It's not every day that a new film stock drops, especially since digital cameras made it, you know, "obsolete." But with the recent and rapid rise of analog cameras and the social media buzz behind chasing that nostalgic photographic look of film, some companies are demonstrating that they still believe in the medium by releasing new film out into the world. Ilford Photo is one—recently, the company unveiled two new 120 medium format black and white films called Kentmere Pan 100 and Kentmere Pan 400.
Already available in 35mm, Kentmere Pan is a panchromatic black and white film with medium box speeds of 100 and 400 ISO. The Pan 100 has a wide, forgiving exposure latitude, giving it a medium contrast with a deep tonal range. The Pan 400 has a more classic grainy look with slightly less contrast, excellent sharpness, tones, and a wider exposure latitude that's exceptional for pushing in low-light situations.
The release comes after the results came in from a global survey taken by Ilford's parent company Harman Technology, in which many respondents noted that they use medium format film. (Anecdotally, the film community on Instagram would seem to corroborate Harman's findings, as would the prices of Mamiya medium format cameras.) With that in mind, Harman Technology and Ilford made Kentmere to offer the perfect balance of quality, value, and performance.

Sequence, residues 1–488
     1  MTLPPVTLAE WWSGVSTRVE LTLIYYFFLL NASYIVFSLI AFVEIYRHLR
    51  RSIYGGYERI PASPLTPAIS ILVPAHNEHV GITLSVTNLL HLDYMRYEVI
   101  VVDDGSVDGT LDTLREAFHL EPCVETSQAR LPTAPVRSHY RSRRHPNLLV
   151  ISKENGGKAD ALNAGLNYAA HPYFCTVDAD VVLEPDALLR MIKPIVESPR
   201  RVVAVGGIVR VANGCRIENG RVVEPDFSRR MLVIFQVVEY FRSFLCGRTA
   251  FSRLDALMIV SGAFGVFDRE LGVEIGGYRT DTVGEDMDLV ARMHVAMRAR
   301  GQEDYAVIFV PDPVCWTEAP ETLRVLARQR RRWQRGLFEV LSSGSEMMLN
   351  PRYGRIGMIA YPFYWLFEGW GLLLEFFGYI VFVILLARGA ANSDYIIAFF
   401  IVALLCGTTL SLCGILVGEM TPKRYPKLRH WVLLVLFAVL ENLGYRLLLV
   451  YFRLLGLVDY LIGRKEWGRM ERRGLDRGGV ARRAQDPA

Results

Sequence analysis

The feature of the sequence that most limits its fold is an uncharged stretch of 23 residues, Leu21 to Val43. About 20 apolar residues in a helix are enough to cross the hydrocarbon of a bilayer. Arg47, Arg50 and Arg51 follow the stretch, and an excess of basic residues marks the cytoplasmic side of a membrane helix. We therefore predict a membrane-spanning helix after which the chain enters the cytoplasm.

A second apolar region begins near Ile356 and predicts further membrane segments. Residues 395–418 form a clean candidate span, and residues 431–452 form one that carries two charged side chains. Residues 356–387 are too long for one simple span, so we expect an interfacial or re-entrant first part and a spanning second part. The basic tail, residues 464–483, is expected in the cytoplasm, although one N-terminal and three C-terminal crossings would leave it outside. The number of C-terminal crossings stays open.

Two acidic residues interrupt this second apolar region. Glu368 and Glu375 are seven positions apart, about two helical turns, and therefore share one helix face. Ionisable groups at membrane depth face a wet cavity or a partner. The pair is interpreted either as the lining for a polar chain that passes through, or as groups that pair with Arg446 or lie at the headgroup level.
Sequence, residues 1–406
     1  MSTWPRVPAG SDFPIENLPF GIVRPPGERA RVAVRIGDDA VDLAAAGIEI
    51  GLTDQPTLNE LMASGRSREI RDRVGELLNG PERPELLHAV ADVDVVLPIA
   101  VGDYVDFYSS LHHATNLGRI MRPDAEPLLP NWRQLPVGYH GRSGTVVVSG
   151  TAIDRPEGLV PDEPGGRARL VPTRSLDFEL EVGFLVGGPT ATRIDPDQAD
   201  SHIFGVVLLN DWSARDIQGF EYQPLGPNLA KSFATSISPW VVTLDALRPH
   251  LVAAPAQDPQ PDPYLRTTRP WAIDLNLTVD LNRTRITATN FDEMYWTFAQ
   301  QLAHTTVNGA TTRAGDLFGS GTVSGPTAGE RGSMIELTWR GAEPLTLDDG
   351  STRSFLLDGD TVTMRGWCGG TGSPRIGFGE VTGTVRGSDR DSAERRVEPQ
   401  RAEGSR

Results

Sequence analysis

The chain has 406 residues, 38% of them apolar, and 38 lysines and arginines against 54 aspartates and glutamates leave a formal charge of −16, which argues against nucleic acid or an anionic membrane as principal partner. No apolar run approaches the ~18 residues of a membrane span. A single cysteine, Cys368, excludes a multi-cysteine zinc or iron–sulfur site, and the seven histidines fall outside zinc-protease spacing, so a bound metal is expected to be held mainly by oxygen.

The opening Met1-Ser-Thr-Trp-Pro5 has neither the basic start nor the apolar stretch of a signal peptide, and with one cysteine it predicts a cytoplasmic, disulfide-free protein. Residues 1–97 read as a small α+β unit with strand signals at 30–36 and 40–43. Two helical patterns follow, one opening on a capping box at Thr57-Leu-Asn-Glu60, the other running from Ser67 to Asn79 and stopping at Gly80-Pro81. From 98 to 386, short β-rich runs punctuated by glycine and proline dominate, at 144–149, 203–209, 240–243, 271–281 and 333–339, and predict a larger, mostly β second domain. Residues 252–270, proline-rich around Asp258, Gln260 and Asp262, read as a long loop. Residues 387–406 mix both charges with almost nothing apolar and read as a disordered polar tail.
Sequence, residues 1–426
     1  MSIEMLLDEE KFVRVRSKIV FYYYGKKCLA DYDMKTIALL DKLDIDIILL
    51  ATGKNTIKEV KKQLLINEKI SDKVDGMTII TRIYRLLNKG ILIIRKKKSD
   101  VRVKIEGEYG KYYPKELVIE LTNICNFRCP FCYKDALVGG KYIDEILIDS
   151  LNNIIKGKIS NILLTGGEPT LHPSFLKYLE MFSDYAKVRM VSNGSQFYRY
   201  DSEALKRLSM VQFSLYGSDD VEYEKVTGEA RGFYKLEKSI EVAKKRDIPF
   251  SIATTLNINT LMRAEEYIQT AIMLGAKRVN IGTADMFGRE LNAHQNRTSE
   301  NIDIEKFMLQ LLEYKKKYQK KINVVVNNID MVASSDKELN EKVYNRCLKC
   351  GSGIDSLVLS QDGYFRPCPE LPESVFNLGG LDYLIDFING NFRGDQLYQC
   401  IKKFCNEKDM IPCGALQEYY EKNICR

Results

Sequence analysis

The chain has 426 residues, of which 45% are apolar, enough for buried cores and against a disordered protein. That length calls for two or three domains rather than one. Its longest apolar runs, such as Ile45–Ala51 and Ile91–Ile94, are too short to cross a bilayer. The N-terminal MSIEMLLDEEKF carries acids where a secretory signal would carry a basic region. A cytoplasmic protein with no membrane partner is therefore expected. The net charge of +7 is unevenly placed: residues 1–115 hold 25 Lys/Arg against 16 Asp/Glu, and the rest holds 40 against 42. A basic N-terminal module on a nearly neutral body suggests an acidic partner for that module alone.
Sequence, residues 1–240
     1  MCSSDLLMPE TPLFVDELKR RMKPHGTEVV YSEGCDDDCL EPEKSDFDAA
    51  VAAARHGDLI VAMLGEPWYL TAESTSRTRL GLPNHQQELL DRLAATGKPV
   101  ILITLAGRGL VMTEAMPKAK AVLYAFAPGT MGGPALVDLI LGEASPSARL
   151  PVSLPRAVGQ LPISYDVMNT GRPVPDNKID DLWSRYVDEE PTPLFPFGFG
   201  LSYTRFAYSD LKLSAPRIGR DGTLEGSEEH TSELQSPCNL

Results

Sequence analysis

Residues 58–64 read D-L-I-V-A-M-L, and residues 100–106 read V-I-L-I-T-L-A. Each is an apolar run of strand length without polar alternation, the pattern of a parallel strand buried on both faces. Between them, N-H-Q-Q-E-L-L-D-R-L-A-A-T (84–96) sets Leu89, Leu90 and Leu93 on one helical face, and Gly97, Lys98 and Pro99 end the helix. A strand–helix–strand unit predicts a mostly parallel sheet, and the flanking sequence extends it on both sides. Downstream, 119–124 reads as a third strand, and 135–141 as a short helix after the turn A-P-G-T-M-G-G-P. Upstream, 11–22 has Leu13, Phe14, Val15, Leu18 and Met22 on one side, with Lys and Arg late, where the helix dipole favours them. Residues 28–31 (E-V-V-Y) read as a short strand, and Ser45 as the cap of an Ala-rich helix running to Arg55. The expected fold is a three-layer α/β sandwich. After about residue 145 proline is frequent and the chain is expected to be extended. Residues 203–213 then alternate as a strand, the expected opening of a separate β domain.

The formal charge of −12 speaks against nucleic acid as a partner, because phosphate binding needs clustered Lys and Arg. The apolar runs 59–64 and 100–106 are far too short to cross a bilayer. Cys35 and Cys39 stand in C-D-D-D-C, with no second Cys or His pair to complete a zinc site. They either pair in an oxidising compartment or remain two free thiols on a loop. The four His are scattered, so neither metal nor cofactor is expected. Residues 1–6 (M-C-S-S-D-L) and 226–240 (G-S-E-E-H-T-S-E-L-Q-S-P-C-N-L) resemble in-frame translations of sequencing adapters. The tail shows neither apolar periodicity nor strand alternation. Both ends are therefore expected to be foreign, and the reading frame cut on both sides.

The release of the new Kentmere film in 120 not only answers those survey findings but hopes to perpetuate them by making affordability a big part of the release—prices start at $5.80 a roll. In contrast, a roll of ever-popular Kodak Tri-X 400 in 120 can go for nearly $12 per roll.
"By introducing Kentmere Pan 100 and 400 in 120 format, we primarily target budget-conscious photographers who still demand high quality, consistent performance and want to create beautiful images they can print or scan," said Giles Branthwaite, sales and marketing director at Harman Technology in a press release.
We have yet to have the chance to shoot the new Kentmere B&W film ourselves but the initial test images released by Ilford look excellent. And, let's face it: these days, anytime a photo company releases a new film stock—especially one that's high quality and budget-friendly—it's good news.
Price: $5.80 per roll